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Atypical's Robia Rashid standing at a podium with the sign Media Access Awards

Robia Rashid—Writer and Producer, Creator of Atypical, Calls for More Stories of Inclusion and Diversity

Winner of the 2017 Writers Guild of America, West, Evan Somers Memorial Award, Media Access Awards

Atypical's Robia Rashid standing at a podium with the sign Media Access Awards

Atypical‘s Robia Rashid

Beverly Hills, Nov. 18 – Robia Rashid has spent her career working on shows such as Will & Grace, How I Met Your Mother and The Goldbergs. However, Rashid spends her free time reading books full of “edgy and odd” stories that would not typically be shown on network television. Recently, Rashid wrote a pilot script, of which Netflix ordered the full season, and the show premiered this August.

Atypical is a coming-of-age comedy about a teenager with autism, Sam, who is navigating his love life as well as his relationships with his family and friends, while he strives for independence. Rashid said she wanted to write a show for herself after working in network television for so long. She told Vulture that she had been aware, when writing Atypical, that more people were being diagnosed with autism, and a whole generation would be growing up on the autism spectrum and would desire independence. Rashid thought it would be an interesting perspective from which to tell a dating story.

“I just feel so lucky and honored to tell this story that feels so personal and real and like nothing that I’ve ever written before or really seen before,” Rashid said while accepting her award. “It’s exciting to see Sam’s story resonate.”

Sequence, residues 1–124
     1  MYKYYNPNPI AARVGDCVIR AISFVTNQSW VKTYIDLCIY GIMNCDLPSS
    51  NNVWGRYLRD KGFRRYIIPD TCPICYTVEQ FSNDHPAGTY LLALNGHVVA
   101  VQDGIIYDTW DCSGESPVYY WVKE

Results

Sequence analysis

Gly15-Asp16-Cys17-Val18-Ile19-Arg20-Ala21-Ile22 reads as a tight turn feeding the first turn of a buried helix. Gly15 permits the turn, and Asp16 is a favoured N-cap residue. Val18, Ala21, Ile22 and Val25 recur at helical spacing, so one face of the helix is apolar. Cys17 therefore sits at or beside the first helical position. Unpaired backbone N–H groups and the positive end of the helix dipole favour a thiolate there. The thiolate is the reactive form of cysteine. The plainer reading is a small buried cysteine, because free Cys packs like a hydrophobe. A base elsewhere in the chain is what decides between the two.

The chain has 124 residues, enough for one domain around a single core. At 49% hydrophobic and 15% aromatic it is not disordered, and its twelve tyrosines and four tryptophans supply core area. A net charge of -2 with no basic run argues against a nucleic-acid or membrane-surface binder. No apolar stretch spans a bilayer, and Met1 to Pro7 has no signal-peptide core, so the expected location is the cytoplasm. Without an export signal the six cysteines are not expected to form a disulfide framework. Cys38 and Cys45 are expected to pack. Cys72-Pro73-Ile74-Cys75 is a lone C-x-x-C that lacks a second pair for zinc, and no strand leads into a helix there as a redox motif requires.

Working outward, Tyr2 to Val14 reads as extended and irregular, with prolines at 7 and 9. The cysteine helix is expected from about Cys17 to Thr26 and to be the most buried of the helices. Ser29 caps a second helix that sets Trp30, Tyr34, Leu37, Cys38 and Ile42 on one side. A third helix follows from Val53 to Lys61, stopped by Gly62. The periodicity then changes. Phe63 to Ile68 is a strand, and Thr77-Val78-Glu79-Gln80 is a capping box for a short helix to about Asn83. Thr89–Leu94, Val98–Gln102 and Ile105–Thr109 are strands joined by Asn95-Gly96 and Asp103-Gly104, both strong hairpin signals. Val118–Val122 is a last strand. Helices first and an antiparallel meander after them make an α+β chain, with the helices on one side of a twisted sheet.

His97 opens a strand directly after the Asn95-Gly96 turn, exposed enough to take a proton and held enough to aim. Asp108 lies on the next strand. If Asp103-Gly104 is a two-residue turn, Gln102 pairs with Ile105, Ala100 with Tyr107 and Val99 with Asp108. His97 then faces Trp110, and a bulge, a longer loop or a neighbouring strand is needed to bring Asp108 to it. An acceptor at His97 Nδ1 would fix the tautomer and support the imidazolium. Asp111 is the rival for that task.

During the casting process for the lead role of Sam, Rashid did not end up hiring an actor with autism as Sam. However, she came across Anthony Jacques, an actor with autism who was so compelling that she wrote a supporting role for him. Rashid, after having personal experiences with people with autism in her life, wanted to do the show justice, as well as the character’s experience. She was conscious and careful about the message that she sent to her viewers regarding the experience of a teenager with autism. By hiring an actor who has autism, Rashid also sent a clear message that people of all abilities have a place in the acting industry.

Due to her effort to hire an actor with a disability, and her well-crafted, inclusive writing, Rashid was granted the 2017 Writers Guild of America, West, Evan Somers Memorial Award at the Media Access Awards, which honors individuals who are showcasing the disability narrative.

“It’s an amazing time for stories of inclusion and diversity,” she said. “I think we need stories like this more than ever and I feel so honored to be receiving this award for telling a story.”

Read the profile on Amy Okuda awarding Robia Rashid with the award on our website:

Meet the Author

Theresa Maher

Theresa Maher is a Communications Fellow at RespectAbility and a junior at American University. Her drive to advocate for people with disabilities started young when she realized her mother's students in special education and her uncle with autism were not accurately portrayed in Hollywood.

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